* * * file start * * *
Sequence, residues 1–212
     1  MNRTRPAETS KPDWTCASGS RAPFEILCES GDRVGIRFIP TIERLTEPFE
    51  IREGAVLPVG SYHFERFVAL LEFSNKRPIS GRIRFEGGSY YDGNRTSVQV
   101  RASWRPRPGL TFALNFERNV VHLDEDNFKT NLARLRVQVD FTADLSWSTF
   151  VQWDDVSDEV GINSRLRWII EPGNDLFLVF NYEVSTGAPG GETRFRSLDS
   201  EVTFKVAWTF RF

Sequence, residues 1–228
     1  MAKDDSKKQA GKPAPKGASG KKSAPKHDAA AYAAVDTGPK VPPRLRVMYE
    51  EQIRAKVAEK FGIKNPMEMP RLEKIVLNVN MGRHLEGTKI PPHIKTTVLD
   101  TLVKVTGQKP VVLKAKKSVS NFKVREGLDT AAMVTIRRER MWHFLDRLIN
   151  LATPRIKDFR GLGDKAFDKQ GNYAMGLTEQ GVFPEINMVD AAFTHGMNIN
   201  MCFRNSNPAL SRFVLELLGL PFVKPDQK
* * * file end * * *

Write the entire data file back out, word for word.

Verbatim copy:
Sequence, residues 1–212
     1  MNRTRPAETS KPDWTCASGS RAPFEILCES GDRVGIRFIP TIERLTEPFE
    51  IREGAVLPVG SYHFERFVAL LEFSNKRPIS GRIRFEGGSY YDGNRTSVQV
   101  RASWRPRPGL TFALNFERNV VHLDEDNFKT NLARLRVQVD FTADLSWSTF
   151  VQWDDVSDEV GINSRLRWII EPGNDLFLVF NYEVSTGAPG GETRFRSLDS
   201  EVTFKVAWTF RF

Sequence, residues 1–228
     1  MAKDDSKKQA GKPAPKGASG KKSAPKHDAA AYAAVDTGPK VPPRLRVMYE
    51  EQIRAKVAEK FGIKNPMEMP RLEKIVLNVN MGRHLEGTKI PPHIKTTVLD
   101  TLVKVTGQKP VVLKAKKSVS NFKVREGLDT AAMVTIRRER MWHFLDRLIN
   151  LATPRIKDFR GLGDKAFDKQ GNYAMGLTEQ GVFPEINMVD AAFTHGMNIN
   201  MCFRNSNPAL SRFVLELLGL PFVKPDQK